26 days in China, part 3 – Suzhou and Hangzhou

There’s a saying in Chinese that goes, “Paradise above; Suzhou and Hangzhou on Earth”, describing the beauty and elegance of the two cities in southeast China (the Jiangnan region). The convenient locations of Suzhou and Hangzhou made them the perfect day trips from Shanghai and Huzhou (I was going to write the Huzhou post first, but decided to save it for the next chapter), and with some time on our hands, my mom and I were off to explore paradise on Earth ^_^

First up: Suzhou, located in Jiangsu province. Suzhou is famous for its many elegant classical Chinese gardens and canals and is known as “Venice of the East” (though, why can’t Venice be “Suzhou of the West”?) Upon entering the city, we were greeted by tranquil rivers and old bridges, a picturesque scene reminiscent of a painting. All of a sudden we felt like we stepped into the set of a historical TV drama taking place in ancient China. Bring on the costumes!

Perhaps the most famous of Suzhou’s gardens is the Humble Administrator’s Garden (Zhuo Zheng Lin). The garden was said to be named as such because its original owner, a former government official, decided to build a garden and live a simple, quiet life after retirement, planting trees and growing vegetables for leisure. Hence, the name of the garden referred to the life of its owner, a humble man. From the outside, the garden isn’t all that impressive, but you’d be surprised how HUGE it is inside! Lakes, pavilions, bridges, stone sculptures, hills, bamboo forests, bonsai gardens, courtyards, artistic corridors and windows…I was told that every layout and every element was intricately and delicately designed to display an ultimate sense of aesthetics!

The other garden (we only visited two out of the tens of them) that my mom and I visited was the Lion Grove Garden (Shi Zi Lin), named so for the (too) many lion-shaped rocks scattered around the garden. I actually liked this one more than the Humble Administrator’s Garden, precisely because of the rocks that formed a complex maze throughout the garden. Going through the interconnected tunnels formed by the rocks and going up and down the steps made us lose track of orientation multiple times, and it is not an exaggeration to say that it took us 20 minutes to finally find the exit. Lots of fun, actually, if you have time and patience to play hide-and-seek with a bunch of friends…!

You may have noticed the appearance of willow trees in the previous images and that was one of my favourite things about any of the Jiangnan cities. I had always compared willow trees to a classy lady dancing in the wind with graceful movements, and in Suzhou, these ubiquitous trees complemented the classic beauty of the gardens so well. Of course, the most beautiful one was my mom, who wore the perfect bright red coat that day (with her red-dyed hair!) to contrast the colour of the willows. Too lovely!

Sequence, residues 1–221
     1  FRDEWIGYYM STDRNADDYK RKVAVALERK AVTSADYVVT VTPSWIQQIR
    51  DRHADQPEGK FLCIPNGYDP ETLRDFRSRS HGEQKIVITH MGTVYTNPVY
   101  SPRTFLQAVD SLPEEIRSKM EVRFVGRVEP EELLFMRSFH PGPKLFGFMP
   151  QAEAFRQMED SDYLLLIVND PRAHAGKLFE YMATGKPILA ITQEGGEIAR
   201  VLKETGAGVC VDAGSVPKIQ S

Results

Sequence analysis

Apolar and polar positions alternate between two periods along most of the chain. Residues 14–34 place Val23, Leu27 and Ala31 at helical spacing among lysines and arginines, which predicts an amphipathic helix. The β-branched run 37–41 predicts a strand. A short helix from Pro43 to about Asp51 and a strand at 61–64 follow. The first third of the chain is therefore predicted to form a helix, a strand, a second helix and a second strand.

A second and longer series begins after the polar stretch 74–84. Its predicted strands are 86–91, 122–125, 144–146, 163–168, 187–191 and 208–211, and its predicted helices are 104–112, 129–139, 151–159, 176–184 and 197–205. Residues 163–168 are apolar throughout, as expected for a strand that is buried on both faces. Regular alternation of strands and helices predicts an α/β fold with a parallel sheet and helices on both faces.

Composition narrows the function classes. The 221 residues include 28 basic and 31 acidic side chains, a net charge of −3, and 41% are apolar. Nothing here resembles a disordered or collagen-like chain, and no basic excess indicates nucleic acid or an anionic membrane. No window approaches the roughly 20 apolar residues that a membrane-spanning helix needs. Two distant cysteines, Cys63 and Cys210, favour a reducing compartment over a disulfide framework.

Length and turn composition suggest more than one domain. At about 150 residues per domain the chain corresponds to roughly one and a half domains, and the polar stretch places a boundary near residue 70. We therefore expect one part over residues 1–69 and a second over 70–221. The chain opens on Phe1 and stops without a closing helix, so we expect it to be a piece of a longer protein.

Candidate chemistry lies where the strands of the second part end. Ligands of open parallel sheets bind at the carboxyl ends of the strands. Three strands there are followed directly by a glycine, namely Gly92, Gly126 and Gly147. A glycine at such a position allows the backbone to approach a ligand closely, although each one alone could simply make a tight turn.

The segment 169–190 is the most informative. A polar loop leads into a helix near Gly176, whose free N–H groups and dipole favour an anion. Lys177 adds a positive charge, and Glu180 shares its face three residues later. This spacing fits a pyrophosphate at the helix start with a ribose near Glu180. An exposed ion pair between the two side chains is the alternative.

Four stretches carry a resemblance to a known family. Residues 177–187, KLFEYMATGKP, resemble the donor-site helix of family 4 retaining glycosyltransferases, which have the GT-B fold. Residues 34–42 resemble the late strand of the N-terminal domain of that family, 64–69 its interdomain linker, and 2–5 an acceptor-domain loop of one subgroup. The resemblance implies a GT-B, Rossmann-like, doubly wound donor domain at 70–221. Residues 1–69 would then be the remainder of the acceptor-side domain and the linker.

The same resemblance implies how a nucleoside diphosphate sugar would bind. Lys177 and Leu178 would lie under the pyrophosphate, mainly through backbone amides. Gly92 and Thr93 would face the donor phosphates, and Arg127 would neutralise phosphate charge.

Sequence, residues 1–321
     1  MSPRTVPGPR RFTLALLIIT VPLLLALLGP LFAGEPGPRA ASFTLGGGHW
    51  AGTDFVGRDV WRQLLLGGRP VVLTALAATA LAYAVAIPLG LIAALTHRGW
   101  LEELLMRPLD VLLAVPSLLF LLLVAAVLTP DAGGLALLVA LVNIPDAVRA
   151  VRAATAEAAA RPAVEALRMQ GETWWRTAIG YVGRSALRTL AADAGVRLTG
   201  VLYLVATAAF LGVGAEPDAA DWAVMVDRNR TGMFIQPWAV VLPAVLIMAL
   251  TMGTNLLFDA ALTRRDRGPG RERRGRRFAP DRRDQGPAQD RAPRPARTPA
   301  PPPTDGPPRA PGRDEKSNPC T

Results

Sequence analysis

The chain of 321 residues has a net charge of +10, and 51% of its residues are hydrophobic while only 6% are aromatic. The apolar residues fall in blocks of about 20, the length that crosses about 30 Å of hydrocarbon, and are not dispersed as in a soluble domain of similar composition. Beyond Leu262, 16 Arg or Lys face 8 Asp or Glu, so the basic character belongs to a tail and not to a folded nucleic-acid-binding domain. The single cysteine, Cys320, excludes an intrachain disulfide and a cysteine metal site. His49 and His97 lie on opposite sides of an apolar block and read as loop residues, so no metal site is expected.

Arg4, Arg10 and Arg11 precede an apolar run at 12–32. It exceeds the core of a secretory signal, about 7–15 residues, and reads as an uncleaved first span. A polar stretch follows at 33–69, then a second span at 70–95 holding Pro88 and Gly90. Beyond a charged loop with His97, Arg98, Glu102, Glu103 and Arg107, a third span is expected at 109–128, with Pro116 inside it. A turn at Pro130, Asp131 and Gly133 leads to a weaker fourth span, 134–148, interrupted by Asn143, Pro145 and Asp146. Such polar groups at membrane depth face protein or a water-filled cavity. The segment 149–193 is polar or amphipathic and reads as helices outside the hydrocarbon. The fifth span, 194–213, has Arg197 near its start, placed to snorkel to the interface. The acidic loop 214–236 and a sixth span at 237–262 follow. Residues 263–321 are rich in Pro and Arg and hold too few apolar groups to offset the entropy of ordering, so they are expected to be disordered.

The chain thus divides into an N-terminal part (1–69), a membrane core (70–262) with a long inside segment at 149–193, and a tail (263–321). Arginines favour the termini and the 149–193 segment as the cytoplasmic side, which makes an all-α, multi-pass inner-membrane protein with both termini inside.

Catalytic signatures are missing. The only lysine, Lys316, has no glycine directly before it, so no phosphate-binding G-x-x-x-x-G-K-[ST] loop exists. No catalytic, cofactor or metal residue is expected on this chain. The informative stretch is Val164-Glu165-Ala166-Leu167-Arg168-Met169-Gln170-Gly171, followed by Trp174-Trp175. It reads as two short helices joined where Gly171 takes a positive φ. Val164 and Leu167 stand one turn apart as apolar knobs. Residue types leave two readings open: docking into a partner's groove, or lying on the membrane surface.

After Suzhou we went to the other paradise on Earth, Hangzhou. I had been here in 2010 during the summer and upon seeing the lotus ponds 6 years ago I had to gasp, “What beauty that makes me faint!” It was then that I made it my bucket list item to come to Hangzhou at lease once during every season, and this trip fulfilled the “winter” part of that goal. Although there was no snow as I had wished, the West Lake, which is the defining feature of Hangzhou, was still as beautiful as ever.

Selfie time at the West Lake! So happy to be travelling with this wonderful lady in red AKA my mom! It was also probably only one of the two days during my entire 26 days in China where the temperature was below 10 degrees Celsius – rather windy too!

And here are the rest of my companions – MC, the lady in red; YX, MC’s son; and YH, my host from the nearby city of Huzhou (next post) whom I haven’t seen in four years! In fact I met all of these great people in my Bordeaux fellowship, so it was a mini but precious reunion in China!

At sunset the West Lake was getting ready for rest as the sun began its descent behind the smoky clouds. And of course the willow trees were ubiquitous here, just as they were in Suzhou. We didn’t see much of Hangzhou aside from the West Lake this time but for a first-timer like my mom, that was sufficient as the highlight. As for me, you know I’ll be back – spring and autumn!

A final look at the West Lake before it got completely dark. The layering mountains in the background made this look almost like a traditional Chinese landscape ink painting and even in the dark, the West Lake still hasn’t lost its unique charm. So will you say that you agree with the saying that Suzhou and Hangzhou are like paradise on Earth? 😉

This is one of the few posts in the “26 days in China” series that does not include any food, since Suzhou and Hangzhou were done as day trips and we mostly packed just snacks and simple foods. Rest assure though that food will be aplenty in the upcoming posts 😉 Next up: arguably the most anticipated city, Huzhou! (Yes it will be Huzhou for real this time!)